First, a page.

Oil and gas production companies have always faced the problem of how to treat or dispose produced water. Stricter environmental controls have added pressure to the issue.  High level of impurities make this water an unusable by-product. This project will address the issue of pollution caused by produced water discharge by treating the produced water to meet irrigation purpose.

1.3  AIMS AND OBJECTIVES

The aim of this project is to treat produced water to meet irrigation standard. The objective is to treat, analyse and compare produced water physico chemical parameters with Central Coast Regional Water Quality Control Board (CCRWQCB) criteria for irrigation and DPR standard for disposable water.

1.4       SIGNIFICANCE OF STUDY

Treated produced water has the potential to be a valuable product rather than a waste.Treating oil well produced water helps facilitate water management options for operators, such as beneficial uses that provide certain community and economic advantages. This project intends to tackle the problem of pollution pose by produced water by treating the water to meet irrigation standard.

1.5       SCOPE AND LIMITATION

This work will focus on using distillation and banana peel as a biosorbent to treat produced water from Umutu flowstation, Oredo flowstation and Oredo field. Only produced water from Umutu flowstation will be analyse. DPR standard and the Central Coast Regional Water Quality Control Board (CCRWQCB) water quality requirement for irrigation is the standard used, other standards were neglected.

                      CONCLUSSION AND RECOMMENDATION

5.1    CONCLUSION

Produced water is inevitable for oil and gas production, this offers both opportunities and challenges for sustainable recovery of hydrocarbon resources and water resources. Produced water has the potential to be recycled or re-used for many purposes. With proper treatment of produced water it has the potential to play a key role in relieving demand on natural freshwater systems and reducing pollution.The purpose of this research paper is to determine whether the produced water from Umutu flow station, Oredo flowstation and Oredo field that are being discharged can be treated to meet irrigation standard using banana peel. The bisorption studies with the peel showed that it can be used in the removal of oil (both dissolved and dispersed) from produced water providing above 96% removal at an equivalent dosage representing 300mg banana peel in produced water (from Umutu flowstation) after 30minutes exposure and initial oil concentration of 40.48mg/l. It is worthy to note that the use of banana peel alone cannot treat produced water to meet irrigation standard. To meet irrigation standard, the banana peel treated produced water has to be distilled.The concentration of contaminants in the treated water is within allowable limits as recommended by CCRWQCB criteria for irrigation and DPR standard for disposable water.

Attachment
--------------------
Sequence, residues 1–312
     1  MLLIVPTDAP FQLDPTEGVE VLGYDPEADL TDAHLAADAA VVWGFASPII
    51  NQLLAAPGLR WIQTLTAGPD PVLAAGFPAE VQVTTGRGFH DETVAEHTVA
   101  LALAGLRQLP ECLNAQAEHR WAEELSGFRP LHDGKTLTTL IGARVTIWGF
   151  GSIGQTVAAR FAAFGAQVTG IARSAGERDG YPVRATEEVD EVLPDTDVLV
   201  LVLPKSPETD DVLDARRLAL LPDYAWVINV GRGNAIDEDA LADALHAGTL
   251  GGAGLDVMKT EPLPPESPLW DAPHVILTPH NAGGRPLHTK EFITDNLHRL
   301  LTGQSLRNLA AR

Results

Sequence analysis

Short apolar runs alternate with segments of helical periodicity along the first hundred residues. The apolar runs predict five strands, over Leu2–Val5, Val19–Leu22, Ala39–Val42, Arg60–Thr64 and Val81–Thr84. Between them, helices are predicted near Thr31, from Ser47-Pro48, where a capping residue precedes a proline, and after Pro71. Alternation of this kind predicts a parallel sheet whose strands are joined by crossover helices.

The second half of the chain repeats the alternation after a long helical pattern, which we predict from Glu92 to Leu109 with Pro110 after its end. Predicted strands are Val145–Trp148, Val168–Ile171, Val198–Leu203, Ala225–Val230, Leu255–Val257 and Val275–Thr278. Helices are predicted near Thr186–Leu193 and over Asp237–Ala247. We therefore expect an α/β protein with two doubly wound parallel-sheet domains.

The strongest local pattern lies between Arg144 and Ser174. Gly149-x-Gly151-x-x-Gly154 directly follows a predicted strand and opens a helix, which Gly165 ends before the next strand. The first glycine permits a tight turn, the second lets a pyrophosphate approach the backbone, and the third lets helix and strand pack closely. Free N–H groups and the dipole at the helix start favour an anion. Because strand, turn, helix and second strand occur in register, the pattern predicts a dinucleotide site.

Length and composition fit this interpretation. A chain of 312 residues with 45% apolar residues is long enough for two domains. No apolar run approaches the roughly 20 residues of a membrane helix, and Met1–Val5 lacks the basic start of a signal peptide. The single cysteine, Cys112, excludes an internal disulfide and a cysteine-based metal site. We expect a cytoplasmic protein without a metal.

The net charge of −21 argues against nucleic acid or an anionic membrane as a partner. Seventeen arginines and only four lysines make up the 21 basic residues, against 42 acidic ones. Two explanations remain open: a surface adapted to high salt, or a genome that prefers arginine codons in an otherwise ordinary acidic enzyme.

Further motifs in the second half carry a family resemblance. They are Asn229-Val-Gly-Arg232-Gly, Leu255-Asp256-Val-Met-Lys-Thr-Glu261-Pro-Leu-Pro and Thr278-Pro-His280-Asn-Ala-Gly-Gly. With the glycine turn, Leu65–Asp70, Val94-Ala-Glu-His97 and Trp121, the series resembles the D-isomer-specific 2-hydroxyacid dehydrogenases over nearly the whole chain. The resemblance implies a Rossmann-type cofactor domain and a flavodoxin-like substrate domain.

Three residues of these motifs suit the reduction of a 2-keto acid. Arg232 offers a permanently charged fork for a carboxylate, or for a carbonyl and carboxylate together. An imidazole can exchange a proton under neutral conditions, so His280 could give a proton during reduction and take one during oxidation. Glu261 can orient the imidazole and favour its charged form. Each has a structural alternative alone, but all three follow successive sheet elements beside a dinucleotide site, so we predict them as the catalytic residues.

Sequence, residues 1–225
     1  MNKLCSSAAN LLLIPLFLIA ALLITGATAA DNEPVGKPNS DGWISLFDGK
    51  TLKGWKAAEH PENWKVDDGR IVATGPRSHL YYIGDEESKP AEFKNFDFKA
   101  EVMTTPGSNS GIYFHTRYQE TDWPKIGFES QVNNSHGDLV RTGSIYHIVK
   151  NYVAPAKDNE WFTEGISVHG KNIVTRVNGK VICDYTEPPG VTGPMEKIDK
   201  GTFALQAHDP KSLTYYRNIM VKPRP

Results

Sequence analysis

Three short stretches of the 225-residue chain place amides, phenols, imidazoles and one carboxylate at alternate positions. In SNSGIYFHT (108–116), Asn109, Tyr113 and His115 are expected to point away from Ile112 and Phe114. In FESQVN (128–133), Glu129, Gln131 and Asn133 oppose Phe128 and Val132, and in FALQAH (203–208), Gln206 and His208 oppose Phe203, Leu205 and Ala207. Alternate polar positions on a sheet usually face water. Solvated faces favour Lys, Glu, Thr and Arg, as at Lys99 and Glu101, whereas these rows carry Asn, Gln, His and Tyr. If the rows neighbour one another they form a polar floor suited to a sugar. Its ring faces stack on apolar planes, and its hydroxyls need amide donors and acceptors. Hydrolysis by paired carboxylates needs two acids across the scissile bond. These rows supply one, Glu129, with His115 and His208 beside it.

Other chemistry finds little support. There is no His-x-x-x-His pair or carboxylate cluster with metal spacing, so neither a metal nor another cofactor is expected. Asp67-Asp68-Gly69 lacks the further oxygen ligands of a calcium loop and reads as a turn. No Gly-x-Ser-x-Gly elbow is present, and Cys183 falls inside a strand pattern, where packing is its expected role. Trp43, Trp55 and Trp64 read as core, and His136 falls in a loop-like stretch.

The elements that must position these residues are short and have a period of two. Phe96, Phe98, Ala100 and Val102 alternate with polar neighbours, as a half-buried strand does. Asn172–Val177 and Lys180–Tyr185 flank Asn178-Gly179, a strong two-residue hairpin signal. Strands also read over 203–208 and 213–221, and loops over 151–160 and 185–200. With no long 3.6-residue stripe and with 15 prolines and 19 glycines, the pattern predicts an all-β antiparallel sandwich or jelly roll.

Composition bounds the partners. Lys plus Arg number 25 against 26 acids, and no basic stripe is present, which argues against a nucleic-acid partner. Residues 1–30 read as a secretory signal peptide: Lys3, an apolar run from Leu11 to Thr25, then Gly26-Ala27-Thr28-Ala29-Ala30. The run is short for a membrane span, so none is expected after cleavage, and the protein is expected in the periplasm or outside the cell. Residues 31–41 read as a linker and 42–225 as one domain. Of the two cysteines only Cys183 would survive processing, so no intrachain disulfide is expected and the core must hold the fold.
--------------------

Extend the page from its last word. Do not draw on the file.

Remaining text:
5.2    RECOMMENDATIONS

a.    Produced water from Oredo flowstation and Oredo field were only treated but not analysed due to financial constrain, I hereby recommend that further work can be done in carrying out analysis for the produced water from those locations. 

b.    In order to use the treated produced water from Umutu flowstation for crop irrigation, since the treated water is slightly acidic the treated water can be mixed with an alkaline substance or be used on an alkaline soil to compensate for its slight acidity.

c.    Water systems monitoring and its quality for a wide variety of contaminants should be carried out at schedules to verify that the water provided for crop irrigation meet standard. In addition, testing for contaminants should take place on varying schedules and at different locations throughout the water system.

d.    There is usually a significant variation in seasonal water demand for agriculture but the treated produced water from oilfield operation is, however, generated continuously throughout the year. Surface or underground storage facilities should be put in place to store water generated during non-peak demand periods.

e.    Farmers may be afraid to use this treated water for irrigation therefore significant effort has to be make in convincing the farmers to accept the recycled water source for irrigation.

f.    Lastly the cost of treating and delivering the water must be compared with the benefit of increased oil production prior to implementation of this project.

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TREATMENT OF PRODUCED WATER TO MEET IRRIGATION STANDARD